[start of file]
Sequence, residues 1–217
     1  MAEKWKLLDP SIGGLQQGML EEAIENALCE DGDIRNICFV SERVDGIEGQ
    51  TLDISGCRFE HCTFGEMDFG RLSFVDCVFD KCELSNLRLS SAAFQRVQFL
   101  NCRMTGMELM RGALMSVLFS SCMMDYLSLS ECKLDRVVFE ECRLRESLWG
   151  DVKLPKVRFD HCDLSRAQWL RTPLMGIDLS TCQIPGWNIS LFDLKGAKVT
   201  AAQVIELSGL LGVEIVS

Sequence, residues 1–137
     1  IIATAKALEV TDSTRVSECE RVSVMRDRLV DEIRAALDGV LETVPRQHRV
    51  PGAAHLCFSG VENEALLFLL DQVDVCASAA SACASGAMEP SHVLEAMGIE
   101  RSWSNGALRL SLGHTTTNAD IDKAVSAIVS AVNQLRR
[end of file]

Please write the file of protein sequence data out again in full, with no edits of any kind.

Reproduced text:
Sequence, residues 1–217
     1  MAEKWKLLDP SIGGLQQGML EEAIENALCE DGDIRNICFV SERVDGIEGQ
    51  TLDISGCRFE HCTFGEMDFG RLSFVDCVFD KCELSNLRLS SAAFQRVQFL
   101  NCRMTGMELM RGALMSVLFS SCMMDYLSLS ECKLDRVVFE ECRLRESLWG
   151  DVKLPKVRFD HCDLSRAQWL RTPLMGIDLS TCQIPGWNIS LFDLKGAKVT
   201  AAQVIELSGL LGVEIVS

Sequence, residues 1–137
     1  IIATAKALEV TDSTRVSECE RVSVMRDRLV DEIRAALDGV LETVPRQHRV
    51  PGAAHLCFSG VENEALLFLL DQVDVCASAA SACASGAMEP SHVLEAMGIE
   101  RSWSNGALRL SLGHTTTNAD IDKAVSAIVS AVNQLRR